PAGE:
02 November 2010

Time for an Experiment

As I think I mentioned in my last post with less fruit coming in I should have more time to experiment and try out some new processes and this weekend I got to do the first of those.  In a normal year we drain the wine from the fermentation totes directly to the barrel, this is called going to barrel 'dirty' and there are two reasons we have done this in the past, one is because we can use gravity flow.  It is a gentler way to move the wine, and actually quite easy.  The other factor is space.  I like to keep each of the fermentations separate so that I can watch them develop in barrel and see which enzymes and yeasts I like for each vineyard in a particular vintage.  Trying to keep each ferment separate would mean that it needs to be moved to its own vessel, allowed to settle and then moved to barrel.  Time is another factor but a less important one.

So this year having plenty of both space and time I decided to try draining the fermentations to new totes and then pumping the wine to barrel.  I was able to use gravity to drain the fermentation bins and the press like normal but did have to pump the wine after the settling to the barrels.  Pumping is actually an easier way to fill barrels than with gravity because the flow is controlled by a remote and there are fewer overflow mistakes.  The reason for going to the hassle of settling the wine now before going to barrel is that the gross lees that I had to rack the 2009 pinot noir off of back in March never gets into the barrel.  There will still be some settling of lees as the wines are far from clear and I plan to rack the wines again after ML is complete but what I hope is that most of the reductive aromas that can become a problem will never get a chance to form in the wine and I won't be having the treat the wine later.  I think this is a good example of my hands on/hands off philosophy.  I can handle the wine less now but it may cause me to have to be harder on the wine later.   As it turned out I am really glad I settled the wine first because already in two of the totes the lees that had settled had some off aromas.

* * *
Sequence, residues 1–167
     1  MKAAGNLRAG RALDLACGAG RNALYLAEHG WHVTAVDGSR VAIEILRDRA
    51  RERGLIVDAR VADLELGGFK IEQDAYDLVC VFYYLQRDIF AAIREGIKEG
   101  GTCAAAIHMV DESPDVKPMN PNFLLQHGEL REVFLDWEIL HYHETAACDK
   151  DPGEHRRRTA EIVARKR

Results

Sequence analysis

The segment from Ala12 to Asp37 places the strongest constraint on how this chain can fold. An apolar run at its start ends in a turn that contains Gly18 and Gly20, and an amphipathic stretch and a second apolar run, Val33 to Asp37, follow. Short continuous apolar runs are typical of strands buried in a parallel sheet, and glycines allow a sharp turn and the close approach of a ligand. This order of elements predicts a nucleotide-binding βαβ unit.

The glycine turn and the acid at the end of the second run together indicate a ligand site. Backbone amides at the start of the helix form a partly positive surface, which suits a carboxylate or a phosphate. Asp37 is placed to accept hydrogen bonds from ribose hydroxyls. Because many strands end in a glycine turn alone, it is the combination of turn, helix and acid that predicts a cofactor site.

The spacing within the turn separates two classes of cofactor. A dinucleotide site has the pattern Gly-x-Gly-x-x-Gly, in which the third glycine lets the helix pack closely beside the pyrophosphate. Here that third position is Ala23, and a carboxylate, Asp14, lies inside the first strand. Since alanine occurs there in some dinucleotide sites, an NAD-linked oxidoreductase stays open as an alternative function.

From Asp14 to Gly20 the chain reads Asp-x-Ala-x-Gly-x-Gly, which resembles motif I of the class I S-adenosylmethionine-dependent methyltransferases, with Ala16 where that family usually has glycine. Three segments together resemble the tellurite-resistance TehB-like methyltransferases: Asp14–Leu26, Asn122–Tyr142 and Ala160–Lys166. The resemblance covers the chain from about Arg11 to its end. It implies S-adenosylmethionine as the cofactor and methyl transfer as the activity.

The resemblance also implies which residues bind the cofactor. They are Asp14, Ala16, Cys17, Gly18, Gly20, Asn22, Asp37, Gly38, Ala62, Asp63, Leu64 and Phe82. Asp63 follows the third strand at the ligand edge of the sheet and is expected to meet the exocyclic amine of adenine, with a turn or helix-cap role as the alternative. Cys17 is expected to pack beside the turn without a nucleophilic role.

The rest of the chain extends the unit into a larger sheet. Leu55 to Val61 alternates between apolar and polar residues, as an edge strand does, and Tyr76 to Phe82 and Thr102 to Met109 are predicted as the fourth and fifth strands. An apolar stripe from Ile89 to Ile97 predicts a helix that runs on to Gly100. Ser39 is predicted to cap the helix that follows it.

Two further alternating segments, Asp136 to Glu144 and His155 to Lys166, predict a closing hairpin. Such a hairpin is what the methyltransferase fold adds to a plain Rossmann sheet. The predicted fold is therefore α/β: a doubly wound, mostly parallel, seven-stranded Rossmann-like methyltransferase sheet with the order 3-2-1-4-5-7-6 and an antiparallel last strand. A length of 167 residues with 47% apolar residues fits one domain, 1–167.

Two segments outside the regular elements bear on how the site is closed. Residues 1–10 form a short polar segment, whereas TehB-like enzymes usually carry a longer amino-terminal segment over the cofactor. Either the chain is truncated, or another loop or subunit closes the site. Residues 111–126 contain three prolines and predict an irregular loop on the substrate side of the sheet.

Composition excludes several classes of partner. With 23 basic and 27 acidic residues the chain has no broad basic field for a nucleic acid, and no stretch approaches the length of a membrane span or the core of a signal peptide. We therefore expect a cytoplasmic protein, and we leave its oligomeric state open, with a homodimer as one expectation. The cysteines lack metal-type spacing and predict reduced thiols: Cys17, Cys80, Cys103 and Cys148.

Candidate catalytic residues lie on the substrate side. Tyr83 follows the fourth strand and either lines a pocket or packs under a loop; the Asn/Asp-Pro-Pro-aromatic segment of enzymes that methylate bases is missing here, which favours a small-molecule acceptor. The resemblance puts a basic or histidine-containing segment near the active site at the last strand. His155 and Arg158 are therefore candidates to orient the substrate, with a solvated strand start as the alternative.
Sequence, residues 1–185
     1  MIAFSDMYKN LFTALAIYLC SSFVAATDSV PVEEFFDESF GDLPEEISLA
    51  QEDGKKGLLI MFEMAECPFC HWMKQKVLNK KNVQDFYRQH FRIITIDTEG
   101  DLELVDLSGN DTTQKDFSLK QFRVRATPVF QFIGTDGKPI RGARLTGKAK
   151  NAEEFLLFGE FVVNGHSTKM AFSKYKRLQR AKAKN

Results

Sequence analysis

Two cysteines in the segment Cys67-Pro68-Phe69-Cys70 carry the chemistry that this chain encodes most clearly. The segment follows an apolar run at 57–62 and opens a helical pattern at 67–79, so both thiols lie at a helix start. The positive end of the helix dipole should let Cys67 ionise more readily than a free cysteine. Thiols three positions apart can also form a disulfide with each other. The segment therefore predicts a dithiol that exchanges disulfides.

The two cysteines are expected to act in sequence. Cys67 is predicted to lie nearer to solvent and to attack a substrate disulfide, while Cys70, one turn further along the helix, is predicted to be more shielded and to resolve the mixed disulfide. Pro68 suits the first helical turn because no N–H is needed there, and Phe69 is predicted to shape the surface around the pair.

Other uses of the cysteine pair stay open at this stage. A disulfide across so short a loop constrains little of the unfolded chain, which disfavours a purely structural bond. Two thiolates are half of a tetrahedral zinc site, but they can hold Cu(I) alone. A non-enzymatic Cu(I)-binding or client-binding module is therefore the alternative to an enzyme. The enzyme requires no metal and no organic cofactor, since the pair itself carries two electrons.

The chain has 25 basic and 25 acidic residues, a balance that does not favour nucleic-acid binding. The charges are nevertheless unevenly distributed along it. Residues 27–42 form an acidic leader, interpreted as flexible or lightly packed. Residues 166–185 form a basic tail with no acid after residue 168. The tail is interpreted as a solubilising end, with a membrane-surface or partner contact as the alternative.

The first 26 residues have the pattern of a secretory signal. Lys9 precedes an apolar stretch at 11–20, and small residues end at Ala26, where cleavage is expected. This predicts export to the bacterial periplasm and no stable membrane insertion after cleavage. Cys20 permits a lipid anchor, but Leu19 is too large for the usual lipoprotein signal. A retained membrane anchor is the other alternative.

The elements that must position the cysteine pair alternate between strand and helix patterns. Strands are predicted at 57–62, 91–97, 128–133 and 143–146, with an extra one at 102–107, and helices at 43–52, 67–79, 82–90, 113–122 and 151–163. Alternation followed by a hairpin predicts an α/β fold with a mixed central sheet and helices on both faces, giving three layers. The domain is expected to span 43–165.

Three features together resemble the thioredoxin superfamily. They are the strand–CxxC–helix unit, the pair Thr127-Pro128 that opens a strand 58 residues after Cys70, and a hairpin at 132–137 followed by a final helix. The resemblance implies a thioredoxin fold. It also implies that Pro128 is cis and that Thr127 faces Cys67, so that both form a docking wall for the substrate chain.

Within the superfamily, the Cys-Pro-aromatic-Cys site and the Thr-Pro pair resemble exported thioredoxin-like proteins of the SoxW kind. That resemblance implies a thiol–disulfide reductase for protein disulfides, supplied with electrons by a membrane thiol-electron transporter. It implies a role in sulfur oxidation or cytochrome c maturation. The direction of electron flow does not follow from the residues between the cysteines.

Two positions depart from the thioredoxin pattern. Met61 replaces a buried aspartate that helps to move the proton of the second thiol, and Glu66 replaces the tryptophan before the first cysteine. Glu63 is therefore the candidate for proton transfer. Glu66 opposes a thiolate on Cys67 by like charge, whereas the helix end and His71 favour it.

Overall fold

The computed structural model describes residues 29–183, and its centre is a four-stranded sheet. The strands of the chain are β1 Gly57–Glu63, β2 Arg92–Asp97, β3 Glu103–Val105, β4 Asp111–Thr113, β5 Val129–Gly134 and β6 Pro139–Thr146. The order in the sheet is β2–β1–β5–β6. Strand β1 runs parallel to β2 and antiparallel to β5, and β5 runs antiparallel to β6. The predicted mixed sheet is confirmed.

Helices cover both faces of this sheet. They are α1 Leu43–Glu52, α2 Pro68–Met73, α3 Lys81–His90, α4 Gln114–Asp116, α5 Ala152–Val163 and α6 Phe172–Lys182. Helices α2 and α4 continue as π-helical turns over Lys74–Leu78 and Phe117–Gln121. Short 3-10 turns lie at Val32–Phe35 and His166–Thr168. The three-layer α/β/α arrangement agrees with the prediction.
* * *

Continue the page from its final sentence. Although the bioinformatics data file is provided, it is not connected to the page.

Sorry I forgot to take a picture so you could see the lees sitting in the bottom.  Look at the sides of the tote I am emptying, you can see both tartrates that have precipitated out and the lees that have gotten caught on them.The whole process will have to be modified for a normal year.  I settled the wine in the barrel room and there was barely enough space to work around the totes.  The trade off may be that I'll pump the wine out of the fermentors and the press and allow it to settle upstairs and then will be able to use gravity to fill the barrels downstairs.  The other thought is that I may have to make the decision to combine some fermentors upstairs beforehand so that I don't need quite so many totes to settle the wine before going to barrel.  I'll have to think on this some more.  So to sum it up the wines are done fermenting, have been allowed to settle after pressing, inoculated for ML, and racked to barrel.  They are now tucked into the barrel room and the little ML bugs are hard at work converting all that malic acid to lactic acid.  What fun!  ML sheets here I come.
As for the whites they are bubbling along at a very cool 54F and quite happily though it means I need a space heater in my office as I write this.  Unlike reds I want to whites to stay cool to preserve aromatics and to increase in complexity and mouthfeel.  At this point they are about 1/4 to 1/3 of the way through their sugar and will take about another month to finish to dry.  I think everything I have this year I will ferment to dry, I hope.  The yeast tend to start giving out sometime in December and I usually have to start cheering the ferments on at that point.  I am sure you will get to read about me complaining about them later.  But for now they are going at just the right speed and smelling great.  Isn't is great the different patterns the ferments make.

No comments:

Post a Comment